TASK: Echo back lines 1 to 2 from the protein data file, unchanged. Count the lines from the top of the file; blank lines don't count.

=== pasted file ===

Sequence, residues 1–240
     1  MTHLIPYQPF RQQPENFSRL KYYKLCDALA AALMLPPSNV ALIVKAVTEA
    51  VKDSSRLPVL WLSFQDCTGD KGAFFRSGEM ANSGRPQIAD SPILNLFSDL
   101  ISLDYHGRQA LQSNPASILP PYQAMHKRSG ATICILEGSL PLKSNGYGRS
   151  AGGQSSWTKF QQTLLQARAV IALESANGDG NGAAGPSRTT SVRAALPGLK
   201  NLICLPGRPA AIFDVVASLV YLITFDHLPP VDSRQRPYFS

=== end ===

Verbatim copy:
Sequence, residues 1–240
     1  MTHLIPYQPF RQQPENFSRL KYYKLCDALA AALMLPPSNV ALIVKAVTEA